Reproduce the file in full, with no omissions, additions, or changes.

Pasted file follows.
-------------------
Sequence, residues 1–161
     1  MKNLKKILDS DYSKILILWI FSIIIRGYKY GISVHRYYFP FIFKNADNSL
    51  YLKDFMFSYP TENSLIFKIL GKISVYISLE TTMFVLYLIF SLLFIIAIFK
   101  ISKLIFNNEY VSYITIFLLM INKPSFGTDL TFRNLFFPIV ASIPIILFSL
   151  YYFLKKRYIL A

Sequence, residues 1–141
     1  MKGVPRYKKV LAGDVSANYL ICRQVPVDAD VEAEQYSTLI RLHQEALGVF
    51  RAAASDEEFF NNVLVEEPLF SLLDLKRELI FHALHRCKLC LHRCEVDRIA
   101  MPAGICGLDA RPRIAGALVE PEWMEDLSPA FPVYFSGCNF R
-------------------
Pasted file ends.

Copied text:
Sequence, residues 1–161
     1  MKNLKKILDS DYSKILILWI FSIIIRGYKY GISVHRYYFP FIFKNADNSL
    51  YLKDFMFSYP TENSLIFKIL GKISVYISLE TTMFVLYLIF SLLFIIAIFK
   101  ISKLIFNNEY VSYITIFLLM INKPSFGTDL TFRNLFFPIV ASIPIILFSL
   151  YYFLKKRYIL A

Sequence, residues 1–141
     1  MKGVPRYKKV LAGDVSANYL ICRQVPVDAD VEAEQYSTLI RLHQEALGVF
    51  RAAASDEEFF NNVLVEEPLF SLLDLKRELI FHALHRCKLC LHRCEVDRIA
   101  MPAGICGLDA RPRIAGALVE PEWMEDLSPA FPVYFSGCNF R